Here’s a top tip for reading/listening practice, by the way. Last night I had a burst of Bug-induced insomnia, either before or after the four a.m. biberon, I forget. So I wasted an hour reading The Guardian on my smartphone, as you do, and saw a story about violence and turmoil in Ecuador, a country which until now I couldn’t even spell. I ignored it.
But then, in the car this morning? Same story, in Swedish. Again, I wasn’t particularly interested, but couldn’t help but pick up the details, which I must have unconsciously absorbed when deciding not to bother reading the Guardian article – armed men broke into a TV studio, a state of national emergency, etc.
If you know what people are likely to be talking about, following what you’re hearing/reading in your new language is much easier. Trump featured, too, as he always does. And there was something about shooting down missiles in the Red Sea. And Swedish people moaning about how badly the authorities had handled last week’s snow-induced traffic chaos.
Anyway, where was I? Small things bad and good that can have cumulative effects. I listen to the language(s) I’m learning every day, if I can. I read sometimes, at least the notifications on my smart phone. I do conversation regularly (just Swedish at the moment). I study never. End result? Honestly, it’s surprised me how much I’ve learned!
Do one new small thing. Make it so small it’ll be impossible to fail at. For instance, if you’re an exercise freak, have your smartphone playing live Italian radio – not stupid exercises or ‘learn Italian’ podcasts in English – while you’re working out.
Not a fitness nut? Subscribe to and read/listen to the FREE bulletins of ‘easy’ Italian news (see below for details).
Don’t study them. Don’t look up the words you don’t know, don’t pause the audio and go back to listen again. Just read/listen to the whole thing, then stop.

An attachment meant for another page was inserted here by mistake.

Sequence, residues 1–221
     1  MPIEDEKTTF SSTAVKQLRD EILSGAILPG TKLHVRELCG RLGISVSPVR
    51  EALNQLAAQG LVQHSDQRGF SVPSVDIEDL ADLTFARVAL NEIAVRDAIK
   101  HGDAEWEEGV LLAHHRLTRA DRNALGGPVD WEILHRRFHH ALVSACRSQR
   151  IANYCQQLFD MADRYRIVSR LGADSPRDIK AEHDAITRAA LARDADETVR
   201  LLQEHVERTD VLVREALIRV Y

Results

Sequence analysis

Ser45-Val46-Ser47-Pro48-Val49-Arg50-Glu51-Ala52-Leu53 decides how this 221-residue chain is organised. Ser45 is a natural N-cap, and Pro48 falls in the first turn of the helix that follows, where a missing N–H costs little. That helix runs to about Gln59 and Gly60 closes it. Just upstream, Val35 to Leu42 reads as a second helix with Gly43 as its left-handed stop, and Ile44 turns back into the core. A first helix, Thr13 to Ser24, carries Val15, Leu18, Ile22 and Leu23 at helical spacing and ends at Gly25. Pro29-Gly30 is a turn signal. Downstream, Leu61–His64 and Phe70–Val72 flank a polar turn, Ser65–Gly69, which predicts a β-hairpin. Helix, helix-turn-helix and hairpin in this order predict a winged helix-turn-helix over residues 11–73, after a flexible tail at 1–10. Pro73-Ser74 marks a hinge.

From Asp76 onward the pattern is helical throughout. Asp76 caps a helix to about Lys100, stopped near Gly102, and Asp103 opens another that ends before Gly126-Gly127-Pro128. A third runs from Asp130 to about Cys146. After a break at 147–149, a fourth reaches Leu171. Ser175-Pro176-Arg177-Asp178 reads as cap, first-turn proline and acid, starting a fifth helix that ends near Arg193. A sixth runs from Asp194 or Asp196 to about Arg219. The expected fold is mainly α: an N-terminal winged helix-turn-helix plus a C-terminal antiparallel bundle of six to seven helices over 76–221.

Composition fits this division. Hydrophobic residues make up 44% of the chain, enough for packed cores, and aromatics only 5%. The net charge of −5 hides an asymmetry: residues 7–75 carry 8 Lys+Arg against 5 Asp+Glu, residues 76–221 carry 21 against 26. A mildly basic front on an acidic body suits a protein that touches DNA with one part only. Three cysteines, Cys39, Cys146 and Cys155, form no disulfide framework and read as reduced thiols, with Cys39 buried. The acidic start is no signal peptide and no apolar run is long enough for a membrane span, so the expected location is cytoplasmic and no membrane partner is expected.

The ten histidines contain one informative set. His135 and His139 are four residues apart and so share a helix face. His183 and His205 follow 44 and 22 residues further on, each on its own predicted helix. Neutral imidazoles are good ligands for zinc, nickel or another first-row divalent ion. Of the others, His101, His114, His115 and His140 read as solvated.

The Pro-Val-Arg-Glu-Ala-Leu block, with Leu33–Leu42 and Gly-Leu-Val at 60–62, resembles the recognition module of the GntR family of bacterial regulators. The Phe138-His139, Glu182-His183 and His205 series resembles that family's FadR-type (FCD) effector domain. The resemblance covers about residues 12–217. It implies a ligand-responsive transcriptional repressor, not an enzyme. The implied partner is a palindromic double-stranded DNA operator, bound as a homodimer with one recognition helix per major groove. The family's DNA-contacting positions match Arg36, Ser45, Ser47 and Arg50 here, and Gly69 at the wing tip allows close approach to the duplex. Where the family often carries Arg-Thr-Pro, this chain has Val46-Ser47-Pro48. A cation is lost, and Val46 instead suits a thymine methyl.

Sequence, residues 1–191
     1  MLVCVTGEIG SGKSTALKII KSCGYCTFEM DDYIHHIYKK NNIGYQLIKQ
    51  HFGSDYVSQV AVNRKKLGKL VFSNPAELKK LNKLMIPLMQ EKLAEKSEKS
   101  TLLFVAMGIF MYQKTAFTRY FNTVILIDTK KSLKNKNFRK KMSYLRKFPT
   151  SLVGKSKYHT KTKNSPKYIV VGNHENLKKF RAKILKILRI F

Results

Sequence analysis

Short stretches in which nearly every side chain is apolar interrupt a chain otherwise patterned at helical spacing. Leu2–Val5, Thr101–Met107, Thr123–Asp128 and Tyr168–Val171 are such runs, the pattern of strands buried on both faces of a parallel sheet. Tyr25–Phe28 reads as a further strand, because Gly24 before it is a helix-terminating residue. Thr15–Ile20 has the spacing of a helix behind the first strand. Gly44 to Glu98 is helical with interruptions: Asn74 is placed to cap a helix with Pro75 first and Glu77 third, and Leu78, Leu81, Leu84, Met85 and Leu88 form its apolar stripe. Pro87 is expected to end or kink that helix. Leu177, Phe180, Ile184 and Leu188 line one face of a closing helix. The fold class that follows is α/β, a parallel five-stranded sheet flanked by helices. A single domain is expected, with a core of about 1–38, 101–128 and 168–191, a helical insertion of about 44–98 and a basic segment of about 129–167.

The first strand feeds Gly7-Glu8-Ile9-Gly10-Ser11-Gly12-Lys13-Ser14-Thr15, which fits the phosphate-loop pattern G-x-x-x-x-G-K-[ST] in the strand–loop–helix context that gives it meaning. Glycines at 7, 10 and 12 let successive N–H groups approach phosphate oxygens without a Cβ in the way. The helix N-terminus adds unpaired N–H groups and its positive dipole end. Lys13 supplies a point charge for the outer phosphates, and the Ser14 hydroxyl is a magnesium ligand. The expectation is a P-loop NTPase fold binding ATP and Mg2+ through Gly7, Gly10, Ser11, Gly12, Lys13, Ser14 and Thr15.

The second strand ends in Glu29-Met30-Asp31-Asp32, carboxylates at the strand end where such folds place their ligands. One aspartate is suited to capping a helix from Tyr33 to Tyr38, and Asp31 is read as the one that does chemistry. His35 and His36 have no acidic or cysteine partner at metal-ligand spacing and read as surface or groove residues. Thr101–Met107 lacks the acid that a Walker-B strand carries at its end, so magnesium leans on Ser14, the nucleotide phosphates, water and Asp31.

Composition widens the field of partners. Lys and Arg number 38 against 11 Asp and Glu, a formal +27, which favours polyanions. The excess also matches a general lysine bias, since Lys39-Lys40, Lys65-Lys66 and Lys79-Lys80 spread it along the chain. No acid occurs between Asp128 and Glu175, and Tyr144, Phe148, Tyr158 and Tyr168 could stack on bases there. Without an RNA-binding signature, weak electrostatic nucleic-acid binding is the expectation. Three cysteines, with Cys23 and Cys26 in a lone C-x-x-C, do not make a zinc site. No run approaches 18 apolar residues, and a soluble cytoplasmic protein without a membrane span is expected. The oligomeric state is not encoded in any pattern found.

Repeat if you can be bothered, otherwise go for a walk, or drink beer.
Ten minutes, three times a week, fifty-two weeks a year, makes TWENTY-FIVE HOURS of reading/listening practice, for zero money. Done ‘my way’, it should be effortless, too. How could that not help?
Do a small thing. See if it sticks, see if it becomes a habit. If not, don’t fret. Try something else. Maybe that’ll work for you.
Then repeat the process – add other small things when you have the bandwidth, and no diapers to change.
Think long term – five years from now, maybe – and perhaps by then you’ll have a portfolio of small things you do regularly (listen to the news, do online conversation, read newspapers, etc.) that will, without you really noticing, change your life.
I suppose I should quit with the nuts, at least…
Alla prossima settimana.
Did you read/listen to Tuesday’s bulletin of ‘easy’ Italian news?
Subscribers get three bulletins each week, on Tuesdays, Thursdays and Saturdays. If you make a habit of reading/listening to them, within a few months you’ll notice your comprehension skills are improving.
Both the bulletins, and subscribing to receive them via email, are FREE.